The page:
yfilt = filter2
                yfilt = filter1

        ax.set_ylabel(r'$%s$' % yfilt)
        ax.set_xlabel(r'$%s-%s$' % (filter1, filter2))

    if args.ylim is not None:
        ylim = np.array(''.join(args.ylim).split(','), dtype=float)
    if args.xlim is not None:
        xlim = np.array(''.join(args.xlim).split(','), dtype=float)

    print('wrote %s' % args.outfile)

if __name__ == "__main__":
In [36]:
! chmod u+x
In [37]:
!./ -h
usage: [-h] [-p PLOTTYPE] [-f FILTERS] [-y YFILTER] [-m BINSIZE]
                     [-c CBINSIZE] [-xlim XLIM] [-ylim YLIM] [-yscale YSCALE]
                     [-x] [-outfile OUTFILE]
                     [-style {grayscale,bmh,dark_background,ggplot,fivethirtyeight,presentation}]

Generate a plot of a fits file

positional arguments:
  file                  the name of the fits file

optional arguments:
  -h, --help            show this help message and exit
  -p PLOTTYPE, --plottype PLOTTYPE
                        which plot to make: CMD, hess, or LF
  -f FILTERS, --filters FILTERS
                        comma separated V and I filter names for plot labels
  -y YFILTER, --yfilter YFILTER
                        plot V or I for LF or on y axis for cmd, Hess
  -m BINSIZE, --binsize BINSIZE
                        hess diagram or LF mag binsize
  -c CBINSIZE, --cbinsize CBINSIZE
                        hess diagram color binsize
  -xlim XLIM, --xlim XLIM
                        comma separated x axis min, max
  -ylim YLIM, --ylim YLIM
                        comma separated y axis min, max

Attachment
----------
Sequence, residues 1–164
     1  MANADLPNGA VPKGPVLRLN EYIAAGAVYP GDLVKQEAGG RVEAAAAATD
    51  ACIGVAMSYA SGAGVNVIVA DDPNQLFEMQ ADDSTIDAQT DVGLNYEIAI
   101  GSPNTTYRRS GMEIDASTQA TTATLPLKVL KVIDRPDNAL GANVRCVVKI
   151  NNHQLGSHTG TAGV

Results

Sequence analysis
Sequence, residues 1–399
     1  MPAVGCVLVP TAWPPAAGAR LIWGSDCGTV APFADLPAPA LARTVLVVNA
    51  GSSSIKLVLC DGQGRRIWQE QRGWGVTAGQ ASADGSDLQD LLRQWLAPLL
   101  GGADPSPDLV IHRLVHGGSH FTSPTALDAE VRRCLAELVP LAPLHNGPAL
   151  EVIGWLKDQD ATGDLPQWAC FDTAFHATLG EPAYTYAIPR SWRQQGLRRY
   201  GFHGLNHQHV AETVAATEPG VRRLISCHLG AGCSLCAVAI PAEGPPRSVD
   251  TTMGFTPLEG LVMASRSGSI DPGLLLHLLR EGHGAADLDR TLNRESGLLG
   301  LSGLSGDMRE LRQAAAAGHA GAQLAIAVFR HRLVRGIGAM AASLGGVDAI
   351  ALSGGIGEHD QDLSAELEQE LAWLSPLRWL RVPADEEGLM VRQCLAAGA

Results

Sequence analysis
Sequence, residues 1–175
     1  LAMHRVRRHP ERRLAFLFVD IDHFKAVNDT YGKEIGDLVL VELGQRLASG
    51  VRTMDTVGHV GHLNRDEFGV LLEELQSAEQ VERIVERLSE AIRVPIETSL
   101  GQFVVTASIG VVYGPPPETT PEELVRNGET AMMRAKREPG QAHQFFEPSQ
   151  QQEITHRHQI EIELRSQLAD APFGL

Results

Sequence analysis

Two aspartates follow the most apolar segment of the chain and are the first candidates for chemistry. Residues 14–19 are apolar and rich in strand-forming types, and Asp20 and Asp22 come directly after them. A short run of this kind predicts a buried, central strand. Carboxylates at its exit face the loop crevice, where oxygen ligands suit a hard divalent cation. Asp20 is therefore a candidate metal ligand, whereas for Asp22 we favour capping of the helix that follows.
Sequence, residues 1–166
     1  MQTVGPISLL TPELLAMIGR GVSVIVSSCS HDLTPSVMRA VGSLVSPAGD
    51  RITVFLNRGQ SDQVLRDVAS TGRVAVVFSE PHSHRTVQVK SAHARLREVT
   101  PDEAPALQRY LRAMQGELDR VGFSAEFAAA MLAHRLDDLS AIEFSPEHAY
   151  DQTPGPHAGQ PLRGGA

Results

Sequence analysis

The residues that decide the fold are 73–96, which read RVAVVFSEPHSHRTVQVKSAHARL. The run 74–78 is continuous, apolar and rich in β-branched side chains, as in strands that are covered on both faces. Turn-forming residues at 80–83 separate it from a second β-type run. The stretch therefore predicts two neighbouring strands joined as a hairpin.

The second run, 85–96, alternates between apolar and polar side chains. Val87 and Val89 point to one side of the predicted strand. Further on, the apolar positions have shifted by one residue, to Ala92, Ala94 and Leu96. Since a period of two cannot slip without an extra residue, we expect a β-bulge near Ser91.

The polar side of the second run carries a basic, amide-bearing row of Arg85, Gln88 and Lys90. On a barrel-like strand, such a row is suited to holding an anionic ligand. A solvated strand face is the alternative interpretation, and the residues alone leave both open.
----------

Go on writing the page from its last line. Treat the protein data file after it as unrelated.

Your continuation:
-yscale YSCALE, --yscale YSCALE
                        y axis scale for LF
  -x, --colorbar        add the hess diagram colorbar
  -outfile OUTFILE, --outfile OUTFILE
                        the name of the output file
  -style {grayscale,bmh,dark_background,ggplot,fivethirtyeight,presentation}, --style {grayscale,bmh,dark_background,ggplot,fivethirtyeight,presentation}
                        the name of the matplotlib style
In [4]:
! ./ -x -p hess -style presentation -f F555W,F814W -outfile hess_presentation.png hlsp_angst_hst_acs-wfc_10605-ugc-5336_f555w-f814w_v1_gst.fits
wrote hess_presentation.png


(IMO this is an advanced topic) Read more here

Real quickly, if you need to run a python script over ssh you might not want plots to be popping up, especially if you don't have X forwarding enabled. In these cases, specify the backend as "Agg".

You must put this statement above any other matplotlib import

In [39]:
import matplotlib as mpl
/Users/rosenfield/anaconda/lib/python2.7/site-packages/matplotlib/ UserWarning:  This call to matplotlib.use() has no effect
because the backend has already been chosen;
matplotlib.use() must be called *before* pylab, matplotlib.pyplot,
or matplotlib.backends is imported for the first time.



Matplotlib plotting Gallaries

More on matplotlib styles

Pythonic access to color palettes

Simulate colorblindness

Find color palettes

General Python Resources

Python tutorials

Interfaces with Matplotlib



In [39]: